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Eating out costs Aussies a fortune

Australians love dining out at restaurants and many are paying for their meals on credit.
Australians love dining out at restaurants and many are paying for their meals on credit.

THE nation's addiction to fast food and wining and dining in restaurants is costing a small fortune as Australians splash more cash than ever on eating out.

New analysis of Commonwealth Bank transaction data has revealed the banks' customers are spending more than $640 million per month on eating out, and with Christmas just six weeks away, customers are being warned to watch their spending.

The Commonwealth Bank has revealed customers are spending more than $640 per million eating out.
The Commonwealth Bank has revealed customers are spending more than $640 per million eating out.

At restaurants, diners are splurging about $140 per month each - up 6 per cent in two years - and appetites for fast food are also on the rise, with consumers spending about $90 per month - an increase of 20 per cent.

For those tucking into fast food, about 72 per cent of transactions are on debit cards, whereas for those dining in restaurants payments are split - only about 55 per cent of transactions are on debit cards and the rest pay by credit.

But with the nation's credit card debt resting at a whopping $51.3 billion and about $31.4 billion of that accruing interest, CBA's executive general manager of digital Pete Steel warned consumers to think carefully about how they paid when not eating at home.

CBA’s Pete Steel said there’s a growing trend for Australians to buy takeaway or eat out.
CBA’s Pete Steel said there’s a growing trend for Australians to buy takeaway or eat out.

"The RBA said about 85 per cent of all transactions are non-cash now, so we think as money is getting invisible it's a lot easier to spend,'' he said.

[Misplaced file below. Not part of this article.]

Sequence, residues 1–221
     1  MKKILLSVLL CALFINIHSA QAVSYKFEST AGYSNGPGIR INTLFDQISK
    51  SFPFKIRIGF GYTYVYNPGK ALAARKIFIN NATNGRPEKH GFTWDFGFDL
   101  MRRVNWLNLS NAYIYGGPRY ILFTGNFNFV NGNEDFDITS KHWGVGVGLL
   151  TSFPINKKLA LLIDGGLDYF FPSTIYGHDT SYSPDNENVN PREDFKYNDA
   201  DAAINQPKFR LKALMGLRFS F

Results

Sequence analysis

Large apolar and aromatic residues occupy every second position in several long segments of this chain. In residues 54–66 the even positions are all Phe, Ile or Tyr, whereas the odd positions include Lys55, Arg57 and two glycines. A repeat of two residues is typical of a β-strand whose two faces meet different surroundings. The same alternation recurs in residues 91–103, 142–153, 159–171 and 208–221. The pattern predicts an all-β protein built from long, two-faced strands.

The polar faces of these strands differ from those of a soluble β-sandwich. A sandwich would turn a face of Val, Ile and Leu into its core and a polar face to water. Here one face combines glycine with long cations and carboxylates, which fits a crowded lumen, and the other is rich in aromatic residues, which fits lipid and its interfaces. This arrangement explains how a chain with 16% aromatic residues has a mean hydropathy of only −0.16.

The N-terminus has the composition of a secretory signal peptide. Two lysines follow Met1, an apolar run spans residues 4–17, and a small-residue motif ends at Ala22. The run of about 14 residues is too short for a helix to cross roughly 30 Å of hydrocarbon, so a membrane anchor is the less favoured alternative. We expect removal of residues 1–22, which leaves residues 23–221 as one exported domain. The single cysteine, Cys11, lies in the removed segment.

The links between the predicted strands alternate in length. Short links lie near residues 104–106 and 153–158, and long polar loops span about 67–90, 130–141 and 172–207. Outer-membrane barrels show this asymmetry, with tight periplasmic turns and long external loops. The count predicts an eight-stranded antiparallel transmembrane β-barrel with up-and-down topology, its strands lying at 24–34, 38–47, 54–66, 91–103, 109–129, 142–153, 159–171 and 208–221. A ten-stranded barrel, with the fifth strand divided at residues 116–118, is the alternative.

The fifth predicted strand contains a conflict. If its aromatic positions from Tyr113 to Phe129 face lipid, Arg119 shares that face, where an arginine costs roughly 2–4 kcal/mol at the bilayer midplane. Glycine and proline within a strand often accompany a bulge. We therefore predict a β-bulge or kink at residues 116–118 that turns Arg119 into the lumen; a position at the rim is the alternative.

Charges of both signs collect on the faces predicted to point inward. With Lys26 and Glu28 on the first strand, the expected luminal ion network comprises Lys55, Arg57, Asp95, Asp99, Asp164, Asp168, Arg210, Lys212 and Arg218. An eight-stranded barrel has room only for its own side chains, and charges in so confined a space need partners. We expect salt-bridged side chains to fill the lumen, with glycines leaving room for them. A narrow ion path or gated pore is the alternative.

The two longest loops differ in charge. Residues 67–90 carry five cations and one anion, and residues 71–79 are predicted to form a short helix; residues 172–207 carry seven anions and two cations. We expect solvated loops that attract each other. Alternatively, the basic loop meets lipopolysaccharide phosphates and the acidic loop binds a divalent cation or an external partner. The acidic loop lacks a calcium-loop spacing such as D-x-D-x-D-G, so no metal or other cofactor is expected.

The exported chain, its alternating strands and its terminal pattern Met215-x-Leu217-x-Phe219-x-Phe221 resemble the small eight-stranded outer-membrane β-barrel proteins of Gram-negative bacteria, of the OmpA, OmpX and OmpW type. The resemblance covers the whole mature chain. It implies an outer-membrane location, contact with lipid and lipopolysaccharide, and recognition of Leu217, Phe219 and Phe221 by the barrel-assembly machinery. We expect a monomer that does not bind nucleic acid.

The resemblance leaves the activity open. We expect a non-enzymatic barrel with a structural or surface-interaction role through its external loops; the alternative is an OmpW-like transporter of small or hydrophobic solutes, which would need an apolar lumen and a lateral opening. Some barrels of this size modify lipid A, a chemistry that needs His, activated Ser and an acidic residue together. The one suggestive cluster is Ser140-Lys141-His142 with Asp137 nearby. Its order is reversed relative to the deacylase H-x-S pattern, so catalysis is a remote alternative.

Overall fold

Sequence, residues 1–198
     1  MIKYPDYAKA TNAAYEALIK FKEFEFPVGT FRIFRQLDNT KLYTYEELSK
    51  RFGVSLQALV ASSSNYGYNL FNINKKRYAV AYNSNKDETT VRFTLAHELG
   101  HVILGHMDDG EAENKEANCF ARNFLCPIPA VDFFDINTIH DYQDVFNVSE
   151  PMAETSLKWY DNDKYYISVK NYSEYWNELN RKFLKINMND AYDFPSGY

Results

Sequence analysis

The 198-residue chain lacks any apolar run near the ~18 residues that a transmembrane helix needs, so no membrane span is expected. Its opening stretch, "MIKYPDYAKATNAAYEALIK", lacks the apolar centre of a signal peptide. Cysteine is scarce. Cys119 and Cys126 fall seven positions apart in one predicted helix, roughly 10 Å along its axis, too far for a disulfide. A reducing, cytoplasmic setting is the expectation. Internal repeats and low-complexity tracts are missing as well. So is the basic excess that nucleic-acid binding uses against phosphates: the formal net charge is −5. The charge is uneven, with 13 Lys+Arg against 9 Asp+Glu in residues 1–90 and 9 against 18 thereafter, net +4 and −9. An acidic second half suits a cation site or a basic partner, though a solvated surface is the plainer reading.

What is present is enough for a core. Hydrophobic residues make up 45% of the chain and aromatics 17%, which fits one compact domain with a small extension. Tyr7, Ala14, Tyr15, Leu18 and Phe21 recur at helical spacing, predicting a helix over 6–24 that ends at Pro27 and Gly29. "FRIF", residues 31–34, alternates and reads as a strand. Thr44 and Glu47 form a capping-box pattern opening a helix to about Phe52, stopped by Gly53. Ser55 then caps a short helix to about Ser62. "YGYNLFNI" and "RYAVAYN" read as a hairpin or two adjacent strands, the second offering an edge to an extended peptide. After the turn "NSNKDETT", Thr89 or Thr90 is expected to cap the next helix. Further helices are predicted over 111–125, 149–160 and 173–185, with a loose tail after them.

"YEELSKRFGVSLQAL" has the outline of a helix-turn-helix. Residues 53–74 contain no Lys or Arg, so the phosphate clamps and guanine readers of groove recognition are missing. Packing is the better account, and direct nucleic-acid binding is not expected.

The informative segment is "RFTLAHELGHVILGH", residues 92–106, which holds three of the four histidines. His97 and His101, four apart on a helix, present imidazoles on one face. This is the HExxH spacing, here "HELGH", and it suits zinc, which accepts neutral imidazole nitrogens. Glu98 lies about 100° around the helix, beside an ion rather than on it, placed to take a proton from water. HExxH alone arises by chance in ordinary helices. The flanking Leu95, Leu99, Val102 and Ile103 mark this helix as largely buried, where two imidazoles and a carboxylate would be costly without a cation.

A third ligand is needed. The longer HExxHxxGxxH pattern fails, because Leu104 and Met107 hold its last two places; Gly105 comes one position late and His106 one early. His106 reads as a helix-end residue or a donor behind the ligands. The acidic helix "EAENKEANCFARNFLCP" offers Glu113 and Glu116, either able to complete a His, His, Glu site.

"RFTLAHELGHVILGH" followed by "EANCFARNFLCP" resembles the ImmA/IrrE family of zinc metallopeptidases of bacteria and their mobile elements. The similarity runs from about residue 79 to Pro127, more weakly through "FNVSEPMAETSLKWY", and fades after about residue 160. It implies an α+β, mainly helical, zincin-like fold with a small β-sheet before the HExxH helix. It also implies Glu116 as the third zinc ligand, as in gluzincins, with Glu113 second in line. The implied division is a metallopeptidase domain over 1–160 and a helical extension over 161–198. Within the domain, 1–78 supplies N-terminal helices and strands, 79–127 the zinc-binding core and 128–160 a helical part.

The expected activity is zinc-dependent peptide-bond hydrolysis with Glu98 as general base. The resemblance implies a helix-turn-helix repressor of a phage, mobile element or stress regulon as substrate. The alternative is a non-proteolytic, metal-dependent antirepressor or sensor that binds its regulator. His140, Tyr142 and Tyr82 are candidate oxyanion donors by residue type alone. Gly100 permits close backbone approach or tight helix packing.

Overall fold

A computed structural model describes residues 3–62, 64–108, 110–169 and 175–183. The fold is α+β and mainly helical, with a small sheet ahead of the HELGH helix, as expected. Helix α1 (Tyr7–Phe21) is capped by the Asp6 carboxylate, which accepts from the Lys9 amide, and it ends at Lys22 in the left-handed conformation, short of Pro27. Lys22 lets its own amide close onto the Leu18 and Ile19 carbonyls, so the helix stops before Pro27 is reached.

"When it comes to debit or credit, responsible budgeting and cashflow management is the key. Whether you are taking a monthly line of credit or whether you are spending directly out of your account, the key is to understand what you are spending."

Mr Steel said transaction notifications and alerts on the bank's app could help customers monitor their spending and they could also use the app's Spend Tracker capability.

This differentiates where and what customers are spending on in categories including eating out, entertainments, bills and shopping.

Rising Tide financial services' managing director Chris Browne said "tap and go" payments and paying by card had made Australians "more impulsive with spending."

Rising Tide Financial Services’ managing director Chris Browne said it can be easy to overspend when dining out or buying takeaway.
Rising Tide Financial Services’ managing director Chris Browne said it can be easy to overspend when dining out or buying takeaway.

"They are not taking cash out of their wallet and paying for their takeaway, they are rushing out their card and they are done,'' he said.

"You need to quantify the expense you would suffer if you take your family to a restaurant, for example is it worth taking them to a restaurant and paying $100 if I can make the same meal for $20 and make it at home.

"The reality is a lot of people are under pressure and working harder and longer because they have skyrocketing mortgages so inevitably they are going to eat takeaway and eat out."

Topics:  eat out editors picks expensive takeaway



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